Plan to turbo charge housing on brownfield land

Building homes on brownfield land will be turbocharged under a major shake-up to planning rules to boost house building while protecting the Green Belt.

As part of its long-term plan for housing, the Government announced today that planners in England’s 20 largest cities and towns will be told to adopt an overarching presumption in favour of house building on brownfield land.

This rule will apply if house building drops below expected levels as is presently proving the case. London councils will particularly come into the spotlight.

The Government is also helping developers overcome bureaucracy by slashing red tape that stops derelict sites and unused buildings being turned into new homes.

Legislation laid in Parliament today will extend current Permitted Development Rights, so that commercial buildings of any size will have the freedom to be converted into new homes – this means shops, offices, and other buildings all quickly repurposed, resulting in thousands of quality new homes by 2030.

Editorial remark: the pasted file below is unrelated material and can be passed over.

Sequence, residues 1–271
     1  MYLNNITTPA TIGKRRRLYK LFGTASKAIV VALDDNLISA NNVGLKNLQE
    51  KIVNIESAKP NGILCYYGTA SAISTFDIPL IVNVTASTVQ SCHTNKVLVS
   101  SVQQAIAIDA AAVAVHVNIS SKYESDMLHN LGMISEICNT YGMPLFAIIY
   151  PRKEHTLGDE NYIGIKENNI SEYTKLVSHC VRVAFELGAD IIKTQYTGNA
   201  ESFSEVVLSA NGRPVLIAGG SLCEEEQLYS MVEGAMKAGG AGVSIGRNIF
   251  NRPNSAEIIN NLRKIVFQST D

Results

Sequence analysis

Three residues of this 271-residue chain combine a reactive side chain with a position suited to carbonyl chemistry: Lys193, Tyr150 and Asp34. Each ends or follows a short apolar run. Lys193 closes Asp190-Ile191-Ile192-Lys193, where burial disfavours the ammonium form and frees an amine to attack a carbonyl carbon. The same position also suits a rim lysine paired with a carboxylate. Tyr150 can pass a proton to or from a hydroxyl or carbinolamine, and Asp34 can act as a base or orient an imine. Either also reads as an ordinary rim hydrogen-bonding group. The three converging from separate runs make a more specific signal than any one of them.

The move has been welcomed by major developers.

David Thomas, chief executive of Barratt, said: “Industry and local and national government need to work together to find ways of delivering more new homes more quickly, including on previously developed land, and this is a positive step.”

Simon Carter, chief executive at British Land, said “Today’s announcement is another important step towards unlocking the potential of brownfield urban regeneration.

“British Land has consistently advocated for practical, deliverable planning reform which prioritises brownfield development, accelerates the pace of housing delivery and helps to secure long-term sustainable growth, by intensifying development in urban areas where it is needed most.”

A consultation on these proposals will launch today and run until Tuesday 26 March. The Government said it would look to implement the proposed changes to national planning policy as soon as possible.



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